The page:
“Battery-electric trucks will be significantly cheaper and more climate-friendly than new diesel-powered vehicles in 10 years’ time, even at moderate CO2 prices for almost all applications,” explains Julius Jöhrens, head of a comparative analysis now presented by ifeu in the “My eRoads” research project. Powering the battery trucks via overhead lines could further improve the cost balance and open up additional systemic advantages. If costs are the only factor, haulage companies will therefore only purchase e-trucks for transport within Germany in 2030.
A comparison of the greenhouse gas emissions of different drive systems for the year 2030 also shows that battery-electric trucks can save about half of the CO2 emissions compared to diesel trucks – including electricity generation and truck production. About one third of the remaining CO2 emissions are then attributable to vehicle production. The use of overhead lines can significantly reduce the required battery sizes of the trucks and thus tend to further improve the climate balance.
Climate benefits on the long haul
Overhead line technology is particularly interesting for use on long-distance routes. However, the use of hydrogen in fuel cell trucks is also being discussed there. In direct comparison with battery and overhead line trucks, however, fuel cell trucks are economically competitive only at extremely low hydrogen prices. These are only forecast in optimistic scenarios for H2 imports from wind- and sun-rich regions outside Europe. However, CO2 emissions are only lower than for trolley trucks even if the hydrogen for the trucks is produced almost exclusively from renewable sources – in view of high H2 demand from other sectors, a requirement that is likely to be difficult to meet in practice.
The results of the study clearly show: hydrogen produced with the German electricity mix cannot compete with diesel technology in 2030, neither in terms of cost nor CO2 balance. The use of fuel cell trucks is therefore a medium-term bet on the future availability of cheap and fully renewable imported hydrogen.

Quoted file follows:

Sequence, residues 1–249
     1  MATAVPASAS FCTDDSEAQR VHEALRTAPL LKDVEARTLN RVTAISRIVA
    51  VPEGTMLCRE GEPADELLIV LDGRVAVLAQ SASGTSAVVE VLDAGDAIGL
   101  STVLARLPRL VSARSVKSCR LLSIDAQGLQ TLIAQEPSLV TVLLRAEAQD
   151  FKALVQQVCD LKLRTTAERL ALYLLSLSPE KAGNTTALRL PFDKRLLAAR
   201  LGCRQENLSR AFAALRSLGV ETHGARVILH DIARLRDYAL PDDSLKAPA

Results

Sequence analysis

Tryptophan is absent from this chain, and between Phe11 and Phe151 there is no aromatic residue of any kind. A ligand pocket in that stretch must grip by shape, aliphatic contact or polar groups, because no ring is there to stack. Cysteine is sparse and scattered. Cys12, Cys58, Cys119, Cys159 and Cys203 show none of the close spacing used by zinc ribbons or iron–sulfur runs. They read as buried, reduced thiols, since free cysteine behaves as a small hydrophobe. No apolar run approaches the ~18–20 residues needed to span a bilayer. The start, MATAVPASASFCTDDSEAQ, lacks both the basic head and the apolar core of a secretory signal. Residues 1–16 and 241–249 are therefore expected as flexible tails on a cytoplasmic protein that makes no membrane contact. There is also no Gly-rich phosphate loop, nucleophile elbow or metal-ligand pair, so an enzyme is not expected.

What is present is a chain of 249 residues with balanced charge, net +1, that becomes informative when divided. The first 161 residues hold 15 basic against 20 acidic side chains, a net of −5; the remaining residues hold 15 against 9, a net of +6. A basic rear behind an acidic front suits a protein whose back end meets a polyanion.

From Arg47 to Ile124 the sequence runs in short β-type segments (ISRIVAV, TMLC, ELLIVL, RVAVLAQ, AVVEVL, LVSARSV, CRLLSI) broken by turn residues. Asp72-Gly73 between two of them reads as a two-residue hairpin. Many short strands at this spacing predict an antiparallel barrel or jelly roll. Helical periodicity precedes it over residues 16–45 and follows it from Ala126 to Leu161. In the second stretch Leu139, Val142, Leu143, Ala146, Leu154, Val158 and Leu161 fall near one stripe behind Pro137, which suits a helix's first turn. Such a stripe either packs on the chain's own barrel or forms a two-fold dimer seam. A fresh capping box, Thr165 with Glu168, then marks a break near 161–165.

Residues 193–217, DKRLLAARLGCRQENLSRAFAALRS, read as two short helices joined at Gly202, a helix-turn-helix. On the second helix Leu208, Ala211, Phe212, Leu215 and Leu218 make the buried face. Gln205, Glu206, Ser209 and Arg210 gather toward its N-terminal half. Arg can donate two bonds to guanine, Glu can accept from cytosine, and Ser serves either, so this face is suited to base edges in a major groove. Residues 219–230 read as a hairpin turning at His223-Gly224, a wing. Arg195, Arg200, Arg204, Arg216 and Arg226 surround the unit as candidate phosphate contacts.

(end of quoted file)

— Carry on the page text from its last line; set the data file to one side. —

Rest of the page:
Government action is needed above all to build up the infrastructure
So what does this mean for the future? From a cost perspective, haulage companies will probably almost always opt for a battery-electric vehicle in 2030. Due to their clear cost disadvantage, fuel cell trucks are only likely to be used where the use of battery trucks fails due to practical considerations – how often this occurs is partly in the hands of the state via infrastructure development.
“Technology and costs are clearly developing in the direction of electric trucks. The state’s task now is to push ahead with the expansion of stationary charging infrastructure on the main routes and to examine where this can be usefully supplemented by an overhead line network. Then heavy-duty transport can make a significant contribution to the climate goals in the transport sector,” says study director Julius Jöhrens.
Nevertheless: “Even electric trucks can at most halve the CO2 emissions of a truck in 2030 in a life cycle assessment. In addition, the conversion of the truck fleet will take time. In order to actually achieve the climate targets we have set, we must therefore continue to avoid unnecessary truck transports and shift significantly more transports to rail in the long term.”
The study “Comparative analysis of the potential of drive technologies for trucks in the time horizon 2030” is a sub-report within the framework of the project “Electrification potential of freight and bus transport – My eRoads”. It was prepared by ifeu together with PTV Transport Consult. The analysis was funded by the Federal Ministry for the Environment.